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Farron’s Lib Dem dilemma: look left or stay centre?

September 19, 2015

This promises to be a fascinating party conference season as the main parties – which now has to include the SNP and UKIP – contemplate a radically changed political landscape in the wake of the General Election.

Farron: face left or stay centre?

Farron: face left or stay centre?

First to gaze out across this new, uncharted landscape is the Liberal Democrats, one of the parties with a new leader at the helm, Tim Farron. He faces a bigger but potentially more promising challenge than he probably expected when he was elected to succeed Nick Clegg.

He knew he was taking on a party that will find it tough to come to terms with its abrupt return to the edges of Parliamentary politics. As delegates arrive in Bournemouth they will come face-to-face with some of the consequences of that with a huge drop in the external interest in their conference: fewer lobby and pressure groups, less attractive external speakers at fringe meetings and a greatly slimmed down exhibition. It is their new reality.

Picking the party up and giving it a new sense of direction was always going to be tough, especially as many influential figures can’t bring themselves to acknowledge how much damage the decision to form a coalition with the Tories in 2010 did to the party. It has cost them dear and there is an urgent need to distance themselves from the last five years. The party members showed some understanding of that awful leagcy by electing Farron over Norman Lamb, who would never have been able to shed the millstone of having been a minister in that government.

A man comfortable moving left

Farron was initially tempted to set out a path towards a more radical, left-of centre position. Instinctively that is where he feels most comfortable. It is also where the Lib Dems have lost most support, especially members, over the last five years. But the election of Jeremy Corbyn has further changed the landscape and left Farron with a dilemma. He must now be tempted to preach a more centrist message in keeping with the Clegg era, hoping that this will appeal to Labour supporters, possibly even a handful of Labour MPs, frightened by the sudden shift to the left the election of Corbyn represents.

Put Labour’s leftward realignment alongside the unleashing of the Tory right now they have a Parliamentary majority and the temptation to play the voice of moderation, sensible centrist card must be weighing very heavily with Farron and his advisers.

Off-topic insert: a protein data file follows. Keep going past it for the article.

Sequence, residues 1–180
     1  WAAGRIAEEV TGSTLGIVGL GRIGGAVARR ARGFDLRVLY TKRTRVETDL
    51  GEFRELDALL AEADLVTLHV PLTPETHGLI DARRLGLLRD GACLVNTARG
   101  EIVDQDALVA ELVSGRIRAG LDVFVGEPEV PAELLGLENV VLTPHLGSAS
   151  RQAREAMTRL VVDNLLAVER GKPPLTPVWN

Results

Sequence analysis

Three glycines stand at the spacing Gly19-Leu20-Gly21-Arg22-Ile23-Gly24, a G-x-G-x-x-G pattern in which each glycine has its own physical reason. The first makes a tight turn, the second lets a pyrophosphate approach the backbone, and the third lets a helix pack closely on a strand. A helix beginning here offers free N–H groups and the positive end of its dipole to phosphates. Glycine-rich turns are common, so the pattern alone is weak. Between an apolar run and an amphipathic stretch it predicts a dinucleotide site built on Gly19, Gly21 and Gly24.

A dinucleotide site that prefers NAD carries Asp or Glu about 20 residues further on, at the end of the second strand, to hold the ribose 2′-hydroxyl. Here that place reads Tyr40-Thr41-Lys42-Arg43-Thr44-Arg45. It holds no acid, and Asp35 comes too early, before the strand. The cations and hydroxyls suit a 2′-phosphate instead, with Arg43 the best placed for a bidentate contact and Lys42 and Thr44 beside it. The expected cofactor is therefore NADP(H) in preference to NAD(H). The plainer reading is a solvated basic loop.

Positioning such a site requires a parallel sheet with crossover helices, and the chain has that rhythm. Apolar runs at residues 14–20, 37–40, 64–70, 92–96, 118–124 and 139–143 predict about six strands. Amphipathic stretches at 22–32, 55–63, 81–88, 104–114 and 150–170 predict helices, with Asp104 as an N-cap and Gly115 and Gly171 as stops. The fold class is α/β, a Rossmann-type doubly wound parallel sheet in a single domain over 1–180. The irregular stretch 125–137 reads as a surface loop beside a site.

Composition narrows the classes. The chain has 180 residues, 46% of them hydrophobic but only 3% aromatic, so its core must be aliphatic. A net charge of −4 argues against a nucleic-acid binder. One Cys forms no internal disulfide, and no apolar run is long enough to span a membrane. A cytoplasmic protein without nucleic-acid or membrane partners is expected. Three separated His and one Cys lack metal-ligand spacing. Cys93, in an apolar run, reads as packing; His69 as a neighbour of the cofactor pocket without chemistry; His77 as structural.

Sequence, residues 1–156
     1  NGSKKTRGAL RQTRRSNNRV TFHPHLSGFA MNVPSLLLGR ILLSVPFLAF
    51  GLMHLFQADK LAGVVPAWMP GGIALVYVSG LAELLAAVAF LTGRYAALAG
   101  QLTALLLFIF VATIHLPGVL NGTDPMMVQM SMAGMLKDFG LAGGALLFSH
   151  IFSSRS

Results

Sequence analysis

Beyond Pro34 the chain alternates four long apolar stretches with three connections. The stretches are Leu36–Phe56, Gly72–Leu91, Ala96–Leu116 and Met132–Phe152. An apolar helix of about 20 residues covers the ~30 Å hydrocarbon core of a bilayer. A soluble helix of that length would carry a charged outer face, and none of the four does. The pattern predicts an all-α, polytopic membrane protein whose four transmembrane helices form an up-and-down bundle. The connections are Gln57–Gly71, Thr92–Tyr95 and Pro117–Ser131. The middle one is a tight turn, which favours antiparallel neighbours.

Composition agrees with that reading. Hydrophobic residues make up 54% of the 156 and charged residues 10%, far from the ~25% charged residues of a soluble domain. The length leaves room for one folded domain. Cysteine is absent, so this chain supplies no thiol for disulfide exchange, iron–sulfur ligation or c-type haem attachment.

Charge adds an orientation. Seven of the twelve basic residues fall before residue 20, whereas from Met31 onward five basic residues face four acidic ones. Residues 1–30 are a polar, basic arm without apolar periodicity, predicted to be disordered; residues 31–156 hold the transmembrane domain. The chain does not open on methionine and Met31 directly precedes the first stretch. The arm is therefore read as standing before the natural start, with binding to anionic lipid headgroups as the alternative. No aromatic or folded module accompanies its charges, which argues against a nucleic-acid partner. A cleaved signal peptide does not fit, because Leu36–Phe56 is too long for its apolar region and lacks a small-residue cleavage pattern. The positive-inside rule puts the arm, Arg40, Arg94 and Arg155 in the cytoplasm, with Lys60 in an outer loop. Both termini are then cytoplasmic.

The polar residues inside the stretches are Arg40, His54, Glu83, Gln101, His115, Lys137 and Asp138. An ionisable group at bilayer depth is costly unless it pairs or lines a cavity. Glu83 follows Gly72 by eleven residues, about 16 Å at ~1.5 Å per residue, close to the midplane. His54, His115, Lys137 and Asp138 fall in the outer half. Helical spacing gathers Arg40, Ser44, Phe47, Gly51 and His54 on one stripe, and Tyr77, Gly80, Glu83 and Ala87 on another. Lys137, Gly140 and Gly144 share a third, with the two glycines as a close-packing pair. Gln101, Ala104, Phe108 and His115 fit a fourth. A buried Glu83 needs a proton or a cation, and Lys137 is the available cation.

It would be a mistake to be tempted down that route. What I see in the new mood in politics is a desire among people for politicians to stand up for what they believe in, not to define themselves by reference to where others may stand. The Lib Dems suffered terribly in May because people no longer understood what they believed in after five years in a Tory-led coalition and a General Election campaign in which the core message was about being in the centre of wherever the other parties happened to be at the time.

Think longer term: the opportunities will come as Labour implodes

Farron should go with his instincts and move the party back to its former left-of-centre stance with radical policies that challenge the consensus on a range of topics. That may not instantly appeal to right-of-centre Labour supporters looking for an immediate safe haven but it will be a better medium term strategy. My guess is that the Corbyn leadership will implode at some stage in the next three years and the Blairites will reclaim the Labour Party. That will disillusion those attracted by Corbyn’s challenge to the way politics is conducted and by his advocacy of once unpopular causes but who are not totally sold on the hard-left philosophy that underpins his politics. Those people whose interest in politics has been rekindled by Corbyn’s victory will then be looking for a new home. That home was once and should always be the Liberal Party and its Liberal Democrat successor. If the Lib Dems are stuck offering a wishy-washy let’s not frighten anybody and be in the centre of whatever is going on elsewhere they will lose that opportunity.

They elected Farron knowing what he stood for and should let him lead according to what he believes. The worse that can happen is that some of the rightward leaning Orange bookers who have done so much damage to the Lib Dems decide that they really are Tories after all.

Left or Centre? That is Farron’s dilemma. We we find out over the next few days how he has faced up to it.

From → Politics

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